Of late, Tumblr has become quite a hotbed of discussion over perennial issues of women in comics, and the Ladies Making Comics run by Alexa D. has been in the forefront of the talk. Now LWA has started something incredibly cool and much needed: a wiki for all the unsung women of Golden Age comics. And it’s a lot more than you probably thought.
While a couple of out of print books by Trina Robbins cover a lot of Golden Age women artists, writers and editors, conventional wisdom is that comics were a total boys club until comparatively recent times. However, using the list of comics professionals put out of work by the Wertham Era in David Hajdu’s The Ten Cent Plague, Alex had come up with a list of 120 women who worked in comics in the Golden Age.
This list is incredibly exciting, and it’s something that we can all help with:
On the Golden Age Talkpage on the wiki, I’ve posted a list of Golden Age creators that I extracted from David Hajdu’s The Ten-Cent Plague. If you’re at all curious, or even just bored, try running a few names through Google, Lambiek, or ComicBookDB and see what you get. If you don’t want to write a whole article, just leave some notes and links next to their names. And let’s dump this myth of “Historically, women weren’t involved in comics” once and for all!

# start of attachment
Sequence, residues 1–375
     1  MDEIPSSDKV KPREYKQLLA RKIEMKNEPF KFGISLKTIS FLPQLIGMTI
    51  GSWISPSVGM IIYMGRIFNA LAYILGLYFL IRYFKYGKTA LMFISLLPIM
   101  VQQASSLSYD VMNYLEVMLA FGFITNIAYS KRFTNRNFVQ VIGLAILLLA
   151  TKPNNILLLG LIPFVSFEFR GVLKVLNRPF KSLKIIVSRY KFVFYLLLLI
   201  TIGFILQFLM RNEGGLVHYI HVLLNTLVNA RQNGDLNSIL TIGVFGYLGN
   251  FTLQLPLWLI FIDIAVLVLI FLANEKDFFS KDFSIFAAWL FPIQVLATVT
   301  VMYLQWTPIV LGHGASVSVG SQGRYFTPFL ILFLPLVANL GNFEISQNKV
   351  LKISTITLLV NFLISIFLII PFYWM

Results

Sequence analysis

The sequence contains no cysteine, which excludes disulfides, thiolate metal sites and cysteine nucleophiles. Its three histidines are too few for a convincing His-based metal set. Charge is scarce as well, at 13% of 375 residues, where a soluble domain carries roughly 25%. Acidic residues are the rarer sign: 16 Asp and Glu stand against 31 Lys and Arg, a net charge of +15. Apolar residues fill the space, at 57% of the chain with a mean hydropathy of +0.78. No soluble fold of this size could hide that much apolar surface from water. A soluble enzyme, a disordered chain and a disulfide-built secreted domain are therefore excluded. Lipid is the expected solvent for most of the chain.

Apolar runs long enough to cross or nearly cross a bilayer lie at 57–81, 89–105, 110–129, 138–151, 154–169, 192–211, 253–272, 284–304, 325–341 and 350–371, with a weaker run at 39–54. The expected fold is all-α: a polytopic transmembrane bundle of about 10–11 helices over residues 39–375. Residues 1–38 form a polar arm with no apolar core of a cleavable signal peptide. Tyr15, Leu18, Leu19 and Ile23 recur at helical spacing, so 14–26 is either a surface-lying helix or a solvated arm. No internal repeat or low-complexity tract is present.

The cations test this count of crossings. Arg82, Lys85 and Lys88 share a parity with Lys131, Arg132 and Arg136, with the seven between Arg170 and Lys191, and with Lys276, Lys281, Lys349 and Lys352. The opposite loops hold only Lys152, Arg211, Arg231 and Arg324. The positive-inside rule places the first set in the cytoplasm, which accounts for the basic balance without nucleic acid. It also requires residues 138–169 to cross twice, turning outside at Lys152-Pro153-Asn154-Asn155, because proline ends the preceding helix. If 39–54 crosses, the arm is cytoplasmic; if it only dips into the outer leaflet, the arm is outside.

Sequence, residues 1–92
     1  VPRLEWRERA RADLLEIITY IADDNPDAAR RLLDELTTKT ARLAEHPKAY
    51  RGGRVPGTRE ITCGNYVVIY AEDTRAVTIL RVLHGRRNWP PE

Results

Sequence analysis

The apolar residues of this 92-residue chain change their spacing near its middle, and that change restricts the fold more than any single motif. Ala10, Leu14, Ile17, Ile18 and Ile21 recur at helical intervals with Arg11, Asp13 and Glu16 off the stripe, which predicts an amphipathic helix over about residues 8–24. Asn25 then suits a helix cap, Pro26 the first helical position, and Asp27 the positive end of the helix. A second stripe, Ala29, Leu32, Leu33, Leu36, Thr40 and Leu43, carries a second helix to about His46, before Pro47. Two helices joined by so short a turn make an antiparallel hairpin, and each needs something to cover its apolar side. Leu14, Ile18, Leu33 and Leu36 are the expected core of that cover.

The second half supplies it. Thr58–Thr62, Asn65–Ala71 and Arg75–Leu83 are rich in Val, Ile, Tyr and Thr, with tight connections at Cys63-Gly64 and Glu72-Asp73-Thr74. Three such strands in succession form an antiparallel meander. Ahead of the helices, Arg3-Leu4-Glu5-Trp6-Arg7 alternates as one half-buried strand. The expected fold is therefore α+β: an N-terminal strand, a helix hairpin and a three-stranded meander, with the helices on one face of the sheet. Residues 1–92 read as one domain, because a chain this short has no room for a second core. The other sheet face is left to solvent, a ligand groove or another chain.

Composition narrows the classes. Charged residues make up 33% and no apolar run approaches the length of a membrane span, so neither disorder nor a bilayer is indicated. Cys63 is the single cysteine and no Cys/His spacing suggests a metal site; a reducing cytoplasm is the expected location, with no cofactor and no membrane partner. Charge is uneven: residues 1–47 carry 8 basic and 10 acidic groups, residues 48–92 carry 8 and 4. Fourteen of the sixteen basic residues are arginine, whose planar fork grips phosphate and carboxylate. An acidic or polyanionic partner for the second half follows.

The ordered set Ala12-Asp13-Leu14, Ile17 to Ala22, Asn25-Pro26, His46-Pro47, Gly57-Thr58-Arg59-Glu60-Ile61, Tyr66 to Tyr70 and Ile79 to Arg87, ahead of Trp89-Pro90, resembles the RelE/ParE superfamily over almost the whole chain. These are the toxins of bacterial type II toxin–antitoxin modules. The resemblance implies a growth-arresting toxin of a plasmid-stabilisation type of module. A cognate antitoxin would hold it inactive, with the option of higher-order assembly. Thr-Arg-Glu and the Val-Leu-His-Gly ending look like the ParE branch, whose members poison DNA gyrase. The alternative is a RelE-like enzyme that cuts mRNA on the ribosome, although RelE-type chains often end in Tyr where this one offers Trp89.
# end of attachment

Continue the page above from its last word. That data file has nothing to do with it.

I’ve long noted the fact that no matter how successful women are in any field, they usually have to prove that they are capable over and over again, and whatever contemporary figure is best is thought to be the “mold breaker”. Isn’t it great that Tina Fey has proven that women are funny after all? Because Lucille Ball, Baby Snooks, and Dorothy Parker weren’t enough. It’s fantastic that Kathryn Bigelow has proven that women can direct movies! Except, the first narrative film ever was directed by a woman in 1896. And so on, and so on. History has a way of forgetting.
Luckily the internet is forever! And women have been creating comics just as long as here have been comics.
Above, Nina Albright’s Miss Victory from 1945.